Blog Post #11: - Meet Katherine Dore, a speech-language pathologist with When Children Succeed, a project with the Social Innovation Fund
Speaking for success
Oral-language competency key to literacy
The skills for learning to read and write start long before a child holds a book.
“Talking is foundational to literacy,” says speech-language pathologist Katherine Dore.
Children living in poverty often lack the sort of language-rich home environments and life experiences that will help them read, she says.
Katherine is part of When Children Succeed, a demonstration project that aims to show that additional resources can help close poverty’s education gap. She and 20 additional K-2 teachers have been working in schools in Saint John’s seven priority neighbourhoods.
“The risk is that they will start off behind, and the research says the gap only continues to widen,” Katherine says. “Just having a positive outlook about going to school is huge. A lot of them, had they not had that extra attention and smaller classes, it would be a different experience.”
Reading relies on recognition
When Children Succeed is a partnership between ASD-South school district, the provincial Department of Education and Early Childhood Development, Saint John’s Business Community Anti-Poverty Initiative (BCAPI) and Living SJ. It is one of eight projects receiving support from the Social Innovation Fund, a five-year, $10-million provincial investment in creative ways of combating generational poverty in Saint John. The fund is managed by Living SJ.
The children in the priority schools may come from households where the language is not stimulating or interactive. Where it’s used to instruct or discipline, rather than to engage. Children aren’t given as many opportunities to practice talking and having conversations. If a child is behind in speaking and listening, that can affect learning to read, which depends heavily on recognition.
“If you have a broad vocabulary and good knowledge of sentence structure, these are going to help you be able to make sense of what’s on the page,” Katherine says. “If they are sounding out a word that is not in their vocabulary that ‘click’ never happens. Also, vocabulary is hugely important to comprehension.”
“Vocabulary is hugely important to comprehension."
- Katherine Dore
Teachers are bringing more language-enriched play experiences into their classrooms, as in this farm-based play area in a kindergarten classroom at Glen Falls Schools.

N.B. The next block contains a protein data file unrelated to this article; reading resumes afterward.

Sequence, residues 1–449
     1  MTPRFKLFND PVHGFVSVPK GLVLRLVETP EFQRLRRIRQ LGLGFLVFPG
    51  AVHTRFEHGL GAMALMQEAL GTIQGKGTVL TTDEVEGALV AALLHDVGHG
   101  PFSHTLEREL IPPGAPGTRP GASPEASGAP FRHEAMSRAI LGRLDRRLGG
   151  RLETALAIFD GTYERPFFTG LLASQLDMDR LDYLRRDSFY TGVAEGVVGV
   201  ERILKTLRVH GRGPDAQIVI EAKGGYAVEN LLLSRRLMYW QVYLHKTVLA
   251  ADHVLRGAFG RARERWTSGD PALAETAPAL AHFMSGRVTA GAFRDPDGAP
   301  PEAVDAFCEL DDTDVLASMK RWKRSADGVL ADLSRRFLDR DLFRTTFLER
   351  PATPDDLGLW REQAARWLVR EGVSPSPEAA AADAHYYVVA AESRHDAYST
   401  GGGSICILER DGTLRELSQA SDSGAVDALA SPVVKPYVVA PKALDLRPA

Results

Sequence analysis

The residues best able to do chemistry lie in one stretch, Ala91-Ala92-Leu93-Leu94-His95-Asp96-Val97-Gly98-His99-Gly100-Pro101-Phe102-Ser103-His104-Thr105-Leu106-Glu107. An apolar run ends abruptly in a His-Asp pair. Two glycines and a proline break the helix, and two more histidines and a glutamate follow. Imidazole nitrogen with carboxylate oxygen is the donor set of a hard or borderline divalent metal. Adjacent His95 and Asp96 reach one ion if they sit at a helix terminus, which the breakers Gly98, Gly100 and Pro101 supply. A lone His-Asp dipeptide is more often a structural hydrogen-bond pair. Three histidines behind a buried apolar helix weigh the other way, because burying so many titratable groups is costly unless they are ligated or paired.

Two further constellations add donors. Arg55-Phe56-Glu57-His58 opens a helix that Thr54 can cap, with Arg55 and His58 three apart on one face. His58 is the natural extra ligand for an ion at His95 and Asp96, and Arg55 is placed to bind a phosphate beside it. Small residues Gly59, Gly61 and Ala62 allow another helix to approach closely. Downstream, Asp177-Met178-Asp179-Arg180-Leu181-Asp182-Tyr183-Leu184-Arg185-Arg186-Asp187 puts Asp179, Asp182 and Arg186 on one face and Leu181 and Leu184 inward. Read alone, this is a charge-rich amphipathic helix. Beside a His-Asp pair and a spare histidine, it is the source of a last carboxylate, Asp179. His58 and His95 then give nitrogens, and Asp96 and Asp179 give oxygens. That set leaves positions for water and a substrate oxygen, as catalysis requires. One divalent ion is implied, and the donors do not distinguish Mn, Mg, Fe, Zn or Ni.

“Just like kids, parents are also going to learn by doing.” - Katherine Dore
More play-based learning
In the fall, Katherine tested kindergarten and Grade 1 students on oral language skills in areas like grammar and vocabulary.
In several of the schools, some 40 to 50 per cent were below grade level.
“Which wasn’t a surprise, to be honest,” she says. “But when it’s on paper, it’s quite alarming to see how many kids are struggling.”
Katherine visits the schools, supporting teachers in engaging students in language activities. She also works with teachers to incorporate oral language in their play centres.
“We are seeing play being used as a learning tool more and more in classrooms, particularly in the younger grades,” Katherine says. “It’s really conducive to talking, to saying what you are seeing, doing and what you are feeling. Not to mention it also fosters children’s social skills and negotiation with peers.”
She also does parent education, leading sessions on things like how to role-play using fairy tales or how to ask open-ended questions to spark conversation about a story.
"Just like kids, parents are also going to learn by doing,” she says. “They want to do what’s best for their children. Sometimes they just don’t know how.”
Katherine will soon retest students to gauge their progress over the past year.
Anecdotally, the indicators are good.
“From the teachers, all I hear are positive comments on how the students are talking and interacting and trying to express themselves,” she says. “They’re finding some kids who were red-flagged are not even struggling.”